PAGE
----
Research team creates undetectable malware bound to legitimate software downloads

By Justin Kahn
Aug 21, 2014
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  1. Most cyber attacks from your typical home hacker, come by way of techniques used 10 years ago or more like phishing scams, poor password management, and things of that nature. But now it seems as though a research team from...

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  2. captaincranky

    captaincranky TechSpot Addict Posts: 11,467   +1,760

    It's stories like this that make you ask yourself, "is having internet really worth the aggravation"....:confused:
    cliffordcooley likes this.
  3. dividebyzero

    dividebyzero trainee n00b Posts: 4,891   +1,258

    Presumably the internal discussion ended with the realization you had no viable Plan B for having Russian art models come visit? :eek:
  4. captaincranky

    captaincranky TechSpot Addict Posts: 11,467   +1,760

    Well, "Plan B", is an old XP box, with no stored passwords, no passwords ever entered, and presumably no active or executable content downloaded.

    I'm a simple man, with simple needs. My quest for free programs ended back at DVDFab 8... point something.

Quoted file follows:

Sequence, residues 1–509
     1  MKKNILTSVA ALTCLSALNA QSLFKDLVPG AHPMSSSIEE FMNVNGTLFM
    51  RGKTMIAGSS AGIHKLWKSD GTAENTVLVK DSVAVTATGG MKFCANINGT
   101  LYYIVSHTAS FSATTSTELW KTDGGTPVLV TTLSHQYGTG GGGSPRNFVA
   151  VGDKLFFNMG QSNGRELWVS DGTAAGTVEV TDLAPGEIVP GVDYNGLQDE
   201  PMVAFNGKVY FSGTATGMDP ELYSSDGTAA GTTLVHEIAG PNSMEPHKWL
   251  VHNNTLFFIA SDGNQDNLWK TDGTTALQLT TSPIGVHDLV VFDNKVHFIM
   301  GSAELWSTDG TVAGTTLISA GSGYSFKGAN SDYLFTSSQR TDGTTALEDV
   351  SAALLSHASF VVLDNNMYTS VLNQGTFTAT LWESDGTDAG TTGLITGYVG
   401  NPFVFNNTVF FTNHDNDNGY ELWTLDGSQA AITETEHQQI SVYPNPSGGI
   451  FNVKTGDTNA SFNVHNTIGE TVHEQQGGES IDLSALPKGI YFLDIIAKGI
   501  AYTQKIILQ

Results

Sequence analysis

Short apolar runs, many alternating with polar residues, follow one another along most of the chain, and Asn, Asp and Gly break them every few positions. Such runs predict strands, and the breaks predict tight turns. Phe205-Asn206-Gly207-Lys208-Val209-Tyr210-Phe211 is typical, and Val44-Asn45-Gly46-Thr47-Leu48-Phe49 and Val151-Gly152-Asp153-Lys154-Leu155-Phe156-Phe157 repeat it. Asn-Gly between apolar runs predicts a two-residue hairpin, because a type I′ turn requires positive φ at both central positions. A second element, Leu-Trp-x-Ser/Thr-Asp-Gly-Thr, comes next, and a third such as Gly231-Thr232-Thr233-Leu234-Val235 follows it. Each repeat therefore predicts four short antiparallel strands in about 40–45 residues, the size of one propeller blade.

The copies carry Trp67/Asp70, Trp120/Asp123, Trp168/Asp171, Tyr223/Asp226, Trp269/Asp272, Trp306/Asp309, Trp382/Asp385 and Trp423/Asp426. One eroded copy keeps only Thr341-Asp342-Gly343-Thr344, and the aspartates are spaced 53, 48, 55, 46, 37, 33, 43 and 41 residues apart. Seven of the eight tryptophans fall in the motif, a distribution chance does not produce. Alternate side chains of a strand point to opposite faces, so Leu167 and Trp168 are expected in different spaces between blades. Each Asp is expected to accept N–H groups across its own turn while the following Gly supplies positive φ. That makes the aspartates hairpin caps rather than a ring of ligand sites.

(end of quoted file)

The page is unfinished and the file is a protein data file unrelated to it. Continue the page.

5. tonylukac

    tonylukac TS Evangelist Posts: 1,292   +55

    They've had this for 20 years. Why would say they have tested malware free downloads?
  6. psycros

    psycros TS Evangelist Posts: 1,298   +667

    "The researchers explain, "upon starting the infected application the binder is started."

    From the sound of it there's nothing new about this at all. Its just a man-in-the-middle attack that infects a redirector applet. Externally streamed pop-up malware has been doing that since forever.
  7. captaincranky

    captaincranky TechSpot Addict Posts: 11,467   +1,760

    Because you wouldn't download anything from them if they told you it did have malware in it.

    And BTW "Open Candy" isn't is it...?:confused:
  8. RzmmDX

    RzmmDX TS Addict Posts: 295   +58

    Wouldn't a crc check fix this problem...
  9. VitalyT

    VitalyT Russ-Puss Posts: 3,114   +1,379

    A good-intended research, I'd wager...
  10. SalaSSin

    SalaSSin TS Booster Posts: 135   +42

    Does anyone still remember the "silk thread", wasn't that a similar way used back in 2000 to bind viruses to legitimate files?
  11. Back in 1989 there was the 4096 virus. All .exe and .com files where 4096 bytes bigger when viewed on a clean system. On the infected system, the files listed with the same size & passed CRC integrity checks.
    That's why it was a Stealth virus...

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